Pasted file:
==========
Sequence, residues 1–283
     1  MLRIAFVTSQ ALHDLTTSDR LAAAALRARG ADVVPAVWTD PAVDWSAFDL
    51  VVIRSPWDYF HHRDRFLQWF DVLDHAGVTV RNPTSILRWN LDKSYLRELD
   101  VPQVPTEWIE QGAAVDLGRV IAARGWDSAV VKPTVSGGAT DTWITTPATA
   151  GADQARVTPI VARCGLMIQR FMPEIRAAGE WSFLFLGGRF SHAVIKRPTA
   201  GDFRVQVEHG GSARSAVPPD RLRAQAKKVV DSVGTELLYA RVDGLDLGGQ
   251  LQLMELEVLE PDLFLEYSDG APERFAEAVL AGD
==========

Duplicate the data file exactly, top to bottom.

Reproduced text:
Sequence, residues 1–283
     1  MLRIAFVTSQ ALHDLTTSDR LAAAALRARG ADVVPAVWTD PAVDWSAFDL
    51  VVIRSPWDYF HHRDRFLQWF DVLDHAGVTV RNPTSILRWN LDKSYLRELD
   101  VPQVPTEWIE QGAAVDLGRV IAARGWDSAV VKPTVSGGAT DTWITTPATA
   151  GADQARVTPI VARCGLMIQR FMPEIRAAGE WSFLFLGGRF SHAVIKRPTA
   201  GDFRVQVEHG GSARSAVPPD RLRAQAKKVV DSVGTELLYA RVDGLDLGGQ
   251  LQLMELEVLE PDLFLEYSDG APERFAEAVL AGD